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Hoffmann, R. A wiki for the life sciences where authorship matters. Nature Genetics (2008)

Senescence-associated decline in hepatic peroxisomal enzyme activities corresponds with diminished levels of retinoid X receptor alpha, but not peroxisome proliferator-activated receptor alpha.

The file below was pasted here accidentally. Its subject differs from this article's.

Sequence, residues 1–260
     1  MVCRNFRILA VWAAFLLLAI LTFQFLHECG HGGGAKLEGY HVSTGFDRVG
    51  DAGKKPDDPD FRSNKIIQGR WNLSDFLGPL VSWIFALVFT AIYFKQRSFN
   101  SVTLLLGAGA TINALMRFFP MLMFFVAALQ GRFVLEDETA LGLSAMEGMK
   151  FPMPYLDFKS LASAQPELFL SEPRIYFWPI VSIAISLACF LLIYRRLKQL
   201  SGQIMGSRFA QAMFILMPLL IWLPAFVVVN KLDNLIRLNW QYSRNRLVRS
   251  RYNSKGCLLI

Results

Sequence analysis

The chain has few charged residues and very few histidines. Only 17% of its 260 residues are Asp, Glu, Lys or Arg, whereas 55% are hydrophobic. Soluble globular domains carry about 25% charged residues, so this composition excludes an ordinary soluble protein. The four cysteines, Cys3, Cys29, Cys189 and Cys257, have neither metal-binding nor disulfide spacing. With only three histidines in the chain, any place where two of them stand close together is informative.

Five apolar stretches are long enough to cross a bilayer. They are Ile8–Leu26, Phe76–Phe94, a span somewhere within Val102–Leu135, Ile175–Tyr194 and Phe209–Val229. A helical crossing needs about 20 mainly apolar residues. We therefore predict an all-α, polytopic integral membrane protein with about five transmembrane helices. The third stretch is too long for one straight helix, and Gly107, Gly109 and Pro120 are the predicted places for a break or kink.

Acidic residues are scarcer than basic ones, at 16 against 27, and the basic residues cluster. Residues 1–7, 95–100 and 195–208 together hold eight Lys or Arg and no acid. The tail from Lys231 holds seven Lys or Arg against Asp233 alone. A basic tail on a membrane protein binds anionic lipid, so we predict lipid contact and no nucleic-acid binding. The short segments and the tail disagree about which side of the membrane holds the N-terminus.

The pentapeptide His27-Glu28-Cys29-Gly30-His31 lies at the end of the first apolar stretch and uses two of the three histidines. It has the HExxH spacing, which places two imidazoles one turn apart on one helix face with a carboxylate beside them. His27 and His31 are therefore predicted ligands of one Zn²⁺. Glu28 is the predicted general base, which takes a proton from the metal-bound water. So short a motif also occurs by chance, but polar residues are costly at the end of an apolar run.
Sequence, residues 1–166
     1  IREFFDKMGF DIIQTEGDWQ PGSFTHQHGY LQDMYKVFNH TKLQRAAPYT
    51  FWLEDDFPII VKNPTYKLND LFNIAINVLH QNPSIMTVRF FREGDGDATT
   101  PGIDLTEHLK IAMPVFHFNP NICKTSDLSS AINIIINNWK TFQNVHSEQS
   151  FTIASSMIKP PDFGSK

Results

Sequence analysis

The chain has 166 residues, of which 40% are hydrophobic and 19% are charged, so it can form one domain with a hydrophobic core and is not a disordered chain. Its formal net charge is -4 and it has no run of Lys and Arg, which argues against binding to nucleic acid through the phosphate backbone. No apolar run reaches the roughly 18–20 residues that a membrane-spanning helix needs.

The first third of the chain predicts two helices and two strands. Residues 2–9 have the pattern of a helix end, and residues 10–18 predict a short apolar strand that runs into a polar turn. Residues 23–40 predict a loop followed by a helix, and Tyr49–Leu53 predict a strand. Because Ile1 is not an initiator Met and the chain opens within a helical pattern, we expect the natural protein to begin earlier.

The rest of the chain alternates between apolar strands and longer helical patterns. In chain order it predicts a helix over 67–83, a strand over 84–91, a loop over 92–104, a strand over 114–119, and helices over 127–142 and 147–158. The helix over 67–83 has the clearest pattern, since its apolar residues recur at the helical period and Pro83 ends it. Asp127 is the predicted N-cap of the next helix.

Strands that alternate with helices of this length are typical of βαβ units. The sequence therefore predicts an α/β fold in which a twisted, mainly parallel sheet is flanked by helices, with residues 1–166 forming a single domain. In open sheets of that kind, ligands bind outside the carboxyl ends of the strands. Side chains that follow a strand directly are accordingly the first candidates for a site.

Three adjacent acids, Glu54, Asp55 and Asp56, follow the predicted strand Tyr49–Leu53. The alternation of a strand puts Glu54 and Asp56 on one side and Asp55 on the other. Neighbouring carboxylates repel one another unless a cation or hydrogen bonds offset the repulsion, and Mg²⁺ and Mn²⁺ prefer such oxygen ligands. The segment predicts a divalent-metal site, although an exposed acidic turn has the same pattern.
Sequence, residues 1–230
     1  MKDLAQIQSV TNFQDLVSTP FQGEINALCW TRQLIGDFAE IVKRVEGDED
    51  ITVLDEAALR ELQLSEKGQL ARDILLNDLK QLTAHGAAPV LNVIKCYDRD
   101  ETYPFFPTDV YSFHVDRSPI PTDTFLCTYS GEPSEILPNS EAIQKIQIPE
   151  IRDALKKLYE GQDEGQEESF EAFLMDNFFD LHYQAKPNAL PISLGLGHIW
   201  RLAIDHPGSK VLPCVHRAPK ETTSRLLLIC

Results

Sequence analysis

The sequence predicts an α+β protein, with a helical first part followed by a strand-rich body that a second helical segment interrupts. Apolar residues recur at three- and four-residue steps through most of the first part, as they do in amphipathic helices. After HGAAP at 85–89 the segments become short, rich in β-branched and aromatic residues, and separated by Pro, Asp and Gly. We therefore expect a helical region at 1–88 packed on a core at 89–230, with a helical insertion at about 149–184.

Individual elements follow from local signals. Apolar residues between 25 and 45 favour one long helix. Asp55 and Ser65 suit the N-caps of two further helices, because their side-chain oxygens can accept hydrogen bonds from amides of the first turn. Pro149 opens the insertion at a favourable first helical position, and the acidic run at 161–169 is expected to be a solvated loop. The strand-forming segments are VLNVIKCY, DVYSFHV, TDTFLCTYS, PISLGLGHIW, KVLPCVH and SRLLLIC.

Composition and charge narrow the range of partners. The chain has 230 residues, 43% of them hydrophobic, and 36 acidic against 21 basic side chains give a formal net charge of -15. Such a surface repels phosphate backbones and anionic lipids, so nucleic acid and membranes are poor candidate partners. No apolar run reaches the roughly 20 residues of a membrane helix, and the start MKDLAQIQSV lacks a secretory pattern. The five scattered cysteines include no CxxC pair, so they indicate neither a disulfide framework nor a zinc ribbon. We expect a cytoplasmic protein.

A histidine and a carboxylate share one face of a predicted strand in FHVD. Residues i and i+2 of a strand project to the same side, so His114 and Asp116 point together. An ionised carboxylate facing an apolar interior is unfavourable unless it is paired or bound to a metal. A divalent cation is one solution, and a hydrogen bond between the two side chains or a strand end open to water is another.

Aging is associated with alterations in hepatic peroxisomal metabolism and susceptibility to hepatocarcinogenicity produced by agonists of peroxisome proliferator-activated receptor alpha (PPAR alpha). Mechanisms involved in these effects are not well understood. However, as a heterodimer with retinoid X receptor alpha (RXR alpha), PPAR alpha regulates transcription of genes involved in oxidative stress, cell proliferation and apoptosis. Modulating these important cell functions as a result of aging may be responsible for altered hepatic peroxisomal responses in the senescent liver. Therefore, we investigated hepatic apoptosis, and peroxisomal beta-oxidation activity, a major source of H(2)O(2), as well as the activity of the peroxisomal anti-oxidant enzyme catalase, in male Fischer-344 rats of four age groups (4, 10, 50 and 100 week old). We further quantified protein levels of both PPAR alpha and RXR alpha in these animals. Data show that peroxisomal beta-oxidation and catalase activities were significantly lower in livers of the 100 week old animals compared with other age groups, while percentage of apoptotic hepatocytes were identical in all animal age groups. However, aging had no effect on hepatic PPAR alpha protein levels. In the senescent group, the level of decline in both peroxisomal enzyme activities of 30% was surprisingly similar to the decline observed in the hepatic expression of the RXR alpha protein. Results from this study suggest that alterations in peroxisomal metabolism observed in the senescent liver may be a result of the decline in the availability of RXR alpha receptor, and not the primary PPAR alpha receptor. On the other hand, PPAR alpha-independent mechanisms appear to play a role in controlling apoptosis in the senescent liver.[1]


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